edit, in response to your edit: if there’s only one voice on a stave, Dorico puts notes in their natural direction. This isn’t specific to percussion staves…

I understand, but if what you said is correct, that the rests are superficial and “don’t actually exist,” what difference does it make to have the user say, “I don’t need to see this and neither does my player” and have the ability to hide it say in the same way we can hide chord symbols in non-rhythm section parts?

I’m not saying this to be defensive, more along the lines of real feedback for the Dorico team as a feature that would be highly appreciated by many engravers that do drum parts for a living. As I’ve converted many of my jazz friends to Dorico, this is the one issue that consistently comes up time and time again in order to make drum set parts look a certain way.

I appreciate the help, I’ll keep this in mind when the issue comes up again in the future.

The difference is that percussion staves don’t exist. My understanding is that there’s basically nowhere for “hide this” properties to exist, because five-line percussion staves are created on the fly depending on what’s stored in the underlying single-line staves. Given the rests on a five-line percussion staff aren’t necessarily combined in the same way on the underlying single-line staves, the “hide this” property can’t exist on the single-line staves.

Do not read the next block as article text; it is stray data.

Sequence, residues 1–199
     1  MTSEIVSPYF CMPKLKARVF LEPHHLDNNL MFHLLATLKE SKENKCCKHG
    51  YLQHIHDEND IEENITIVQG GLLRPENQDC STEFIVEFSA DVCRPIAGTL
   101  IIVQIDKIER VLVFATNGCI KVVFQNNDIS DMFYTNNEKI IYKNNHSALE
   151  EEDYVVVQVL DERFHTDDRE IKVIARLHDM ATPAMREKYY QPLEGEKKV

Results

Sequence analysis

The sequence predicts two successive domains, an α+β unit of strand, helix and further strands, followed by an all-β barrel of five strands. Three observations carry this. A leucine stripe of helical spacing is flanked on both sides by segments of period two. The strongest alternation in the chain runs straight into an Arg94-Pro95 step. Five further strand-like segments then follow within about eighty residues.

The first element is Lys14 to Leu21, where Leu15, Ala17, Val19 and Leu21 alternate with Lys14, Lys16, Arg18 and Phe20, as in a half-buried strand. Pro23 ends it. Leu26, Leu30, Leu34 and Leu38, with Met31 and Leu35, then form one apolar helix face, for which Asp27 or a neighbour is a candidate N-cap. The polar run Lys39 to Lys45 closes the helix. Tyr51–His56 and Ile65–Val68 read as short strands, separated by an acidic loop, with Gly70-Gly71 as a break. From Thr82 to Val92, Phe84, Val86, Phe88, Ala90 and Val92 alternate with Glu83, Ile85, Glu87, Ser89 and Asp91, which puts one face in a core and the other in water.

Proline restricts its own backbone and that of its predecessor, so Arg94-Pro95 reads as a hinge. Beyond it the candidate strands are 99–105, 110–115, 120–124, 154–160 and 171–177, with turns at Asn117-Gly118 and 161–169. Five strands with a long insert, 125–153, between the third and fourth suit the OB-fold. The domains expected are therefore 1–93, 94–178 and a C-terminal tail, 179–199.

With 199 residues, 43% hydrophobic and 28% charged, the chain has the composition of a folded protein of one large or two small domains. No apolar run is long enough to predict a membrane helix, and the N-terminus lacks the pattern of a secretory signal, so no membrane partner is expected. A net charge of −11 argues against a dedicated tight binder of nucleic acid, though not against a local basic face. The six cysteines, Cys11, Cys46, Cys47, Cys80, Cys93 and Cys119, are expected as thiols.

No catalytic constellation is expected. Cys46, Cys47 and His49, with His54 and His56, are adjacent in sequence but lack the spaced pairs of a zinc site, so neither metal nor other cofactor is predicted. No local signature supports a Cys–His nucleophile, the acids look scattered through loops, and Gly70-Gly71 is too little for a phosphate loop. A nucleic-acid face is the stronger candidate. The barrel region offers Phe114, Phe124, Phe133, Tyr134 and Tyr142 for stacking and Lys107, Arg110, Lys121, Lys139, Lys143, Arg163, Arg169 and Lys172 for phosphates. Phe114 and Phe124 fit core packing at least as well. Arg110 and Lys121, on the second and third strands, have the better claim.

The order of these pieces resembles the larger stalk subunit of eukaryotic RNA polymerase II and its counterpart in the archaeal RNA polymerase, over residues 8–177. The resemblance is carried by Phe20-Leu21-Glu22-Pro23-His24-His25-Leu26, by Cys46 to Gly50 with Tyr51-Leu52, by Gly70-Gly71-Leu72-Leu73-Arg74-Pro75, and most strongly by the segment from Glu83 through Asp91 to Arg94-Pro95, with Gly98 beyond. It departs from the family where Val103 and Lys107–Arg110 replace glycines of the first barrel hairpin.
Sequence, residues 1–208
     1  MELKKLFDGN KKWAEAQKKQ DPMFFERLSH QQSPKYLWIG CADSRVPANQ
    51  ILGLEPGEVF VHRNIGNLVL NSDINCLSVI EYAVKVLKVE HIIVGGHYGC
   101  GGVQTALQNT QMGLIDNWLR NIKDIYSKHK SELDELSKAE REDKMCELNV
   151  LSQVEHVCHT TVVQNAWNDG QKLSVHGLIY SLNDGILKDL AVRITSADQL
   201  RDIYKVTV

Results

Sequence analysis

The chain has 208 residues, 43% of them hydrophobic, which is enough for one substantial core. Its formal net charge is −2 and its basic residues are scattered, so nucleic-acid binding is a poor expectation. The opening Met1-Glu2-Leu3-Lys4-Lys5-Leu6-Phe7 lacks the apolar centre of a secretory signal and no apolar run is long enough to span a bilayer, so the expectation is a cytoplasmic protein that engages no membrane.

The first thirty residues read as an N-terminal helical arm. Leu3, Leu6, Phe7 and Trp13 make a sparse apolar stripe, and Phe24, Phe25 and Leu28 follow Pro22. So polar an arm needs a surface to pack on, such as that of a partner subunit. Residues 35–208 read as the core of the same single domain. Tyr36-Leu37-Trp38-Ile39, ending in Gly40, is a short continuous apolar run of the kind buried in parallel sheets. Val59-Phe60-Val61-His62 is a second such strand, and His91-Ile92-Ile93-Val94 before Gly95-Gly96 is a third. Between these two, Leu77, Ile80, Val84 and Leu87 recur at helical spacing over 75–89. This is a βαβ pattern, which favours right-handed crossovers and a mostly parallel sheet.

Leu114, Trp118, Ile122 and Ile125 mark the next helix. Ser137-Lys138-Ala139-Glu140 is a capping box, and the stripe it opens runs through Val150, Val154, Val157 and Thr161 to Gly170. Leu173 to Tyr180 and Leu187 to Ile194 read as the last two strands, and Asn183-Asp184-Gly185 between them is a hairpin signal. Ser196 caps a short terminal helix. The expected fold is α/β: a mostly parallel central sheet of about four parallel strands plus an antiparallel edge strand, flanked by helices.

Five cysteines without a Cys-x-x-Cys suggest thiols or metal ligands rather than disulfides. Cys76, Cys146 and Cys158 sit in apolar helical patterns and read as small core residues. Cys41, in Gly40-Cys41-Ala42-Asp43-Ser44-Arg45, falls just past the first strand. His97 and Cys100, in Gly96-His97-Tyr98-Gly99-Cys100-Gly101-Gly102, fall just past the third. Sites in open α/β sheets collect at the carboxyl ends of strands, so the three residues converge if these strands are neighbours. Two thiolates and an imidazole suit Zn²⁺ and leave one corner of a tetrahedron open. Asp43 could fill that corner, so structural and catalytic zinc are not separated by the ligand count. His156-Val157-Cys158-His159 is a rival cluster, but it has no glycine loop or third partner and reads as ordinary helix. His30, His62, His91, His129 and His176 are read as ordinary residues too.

It’s thus incomparable to anything that’s attached to a regular stave.

Disclaimer: I’m just a Dorico user. I may have the wrong end of the stick here.

Ooh, now you’re onto something.

I always knew that there were multiple ways to view a percussion staff (grid/single line/five line), but that’s interesting that the five-line staff and grid formats are created from the single-line notation properties, hence why it’s not treated the same way as other instrumental staves.

I know Daniel said they were working on this issue for a future update, so maybe they’re trying to figure out how the properties of notation can be adapted depending on what kind of view you’d like (i.e. single staves, grid, or five-line). Certainly interesting.

A related complication is that dynamics created on single-line or grid percussion representations won’t show up on five-line representations (and vice-versa). The good news is that it’s possible to add dynamics to five-line percussion staves, which indicates that there’s somewhere for these items to exist, internally.

Take from that what you will.

I write jazz parts all the time. IMO, Dorico’s percussion notation is quite lacking for this and is not the way to go for a visual (not playback) staff. Often in a jazz drum part, I will need measures that are actually notated, along with measures that are just slashes, along with bars that are just rhythm hits. Dorico’s percussion notation is not set up to do this, nor would I really expect it to. My solution and recommendation is to just create two staves, one visual and one for playback (if needed), and then not include the playback staff in the score. For a visual staff you can use “Timpani (No key sig)” so it automatically sets up without a key sig if it is being used in the other staves. That way you have the full editing capabilities to use for the drum notation staff. Use the playback percussion staff to playback whatever you want without any care to how it is notated.